The History of the Conquest of Spain by the Moors.
Together with the Life of the most Illustrious Monarch Almanzor. And of the Several Revolutions of the Mighting Empire of the Caliphs, and of the African Kingdoms. Composed in Arabick by Abulcacim Tariff Abentariq, one of the Generals in that Spanish Expedition; and Translated into Spanish. Now made English.London: printed by F. Leach, for S. H. and are to be sold by T. Fox, 1687 Stock Code: 120934
First edition in English of the first part (all published) of Miguel de Luna's Verdadera historia del rey Don Rodrigo (1592-1600), itself purportedly translated from an Arabic source, but in fact an original composition. Luna's account of the Arab conquest of Spain to the year 761 was considered genuine by Southey, dismissed by George Ticknor and other scholars as a forgery, and is now appreciated as an important, essentially literary document from the age of Cervantes, who knew the work. The Verdadera historia and Don Quixote (1605-1615) "abound with the same phrases and diction", and Cervantes specifically ridicules a passage in Luna in which Tariff fulfils a prophecy by the presence of a mole on his backQuixote strips to reveal his mole as evidence of his strength in Part I Chapter 30 (see Hodges, "Holey Moley: Don Quixote's significant Señal", in Bulletin of the Cervantes Society of America 29:2, 2009). Luna (c.1545-1615) was a physician and court interpreter of Morisco descent. In attributing authorship to an Arab writer he was following what was already an established tradition in post-Reconquista Spain. His account is also notable for contrasting the cruelty of the Visigoths with the virtue and tolerance of their Arab successors: it was possibly this emphasis which irritated 19th century scholars such as Ticknor, who were preoccupied with defining a concept of Spanish identity based on Gothic origins.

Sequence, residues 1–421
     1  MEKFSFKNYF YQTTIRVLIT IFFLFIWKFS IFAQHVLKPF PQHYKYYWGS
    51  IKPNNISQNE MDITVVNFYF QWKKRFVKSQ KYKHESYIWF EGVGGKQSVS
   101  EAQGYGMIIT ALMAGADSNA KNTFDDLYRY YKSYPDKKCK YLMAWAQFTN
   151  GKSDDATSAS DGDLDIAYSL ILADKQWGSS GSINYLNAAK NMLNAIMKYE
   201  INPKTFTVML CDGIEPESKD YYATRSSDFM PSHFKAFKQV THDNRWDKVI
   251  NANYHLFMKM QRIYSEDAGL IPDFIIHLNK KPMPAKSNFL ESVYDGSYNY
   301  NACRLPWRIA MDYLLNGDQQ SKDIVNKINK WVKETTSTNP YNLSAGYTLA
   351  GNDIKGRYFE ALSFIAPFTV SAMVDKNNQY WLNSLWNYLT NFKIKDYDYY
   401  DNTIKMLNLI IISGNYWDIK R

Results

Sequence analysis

This is the issue with S.H. in the imprint and the dedicatory epistle signed with initials M.T.; a variant imprint the same year had S. H. removed and the epistle signed Matt. Taubman, presumably the City poet and satirist (d.1690?). A second edition appeared in 1693, with fewer prelims. Scarce: nine copies of this imprint traced in UK libraries, nine worldwide (four copies in total traced for the variant).
Octavo (186 x 110 mm). Recent calf to style, raised bands within blind rules to spine, gilt-lettered red label, decorative panelling to boards in blind, marbled edges, matching endpapers.
Bookplate of Wriothesley Russell (1680-1711), 2nd Duke of Bedford to title verso. Light browning, occasional mild spotting or soiling, original edge-marbling encroaching along foot of title, sigs. [A5-6] slightly loose at top cord, [A5] chipped at upper outer corner, the text unaffacted. Very good.
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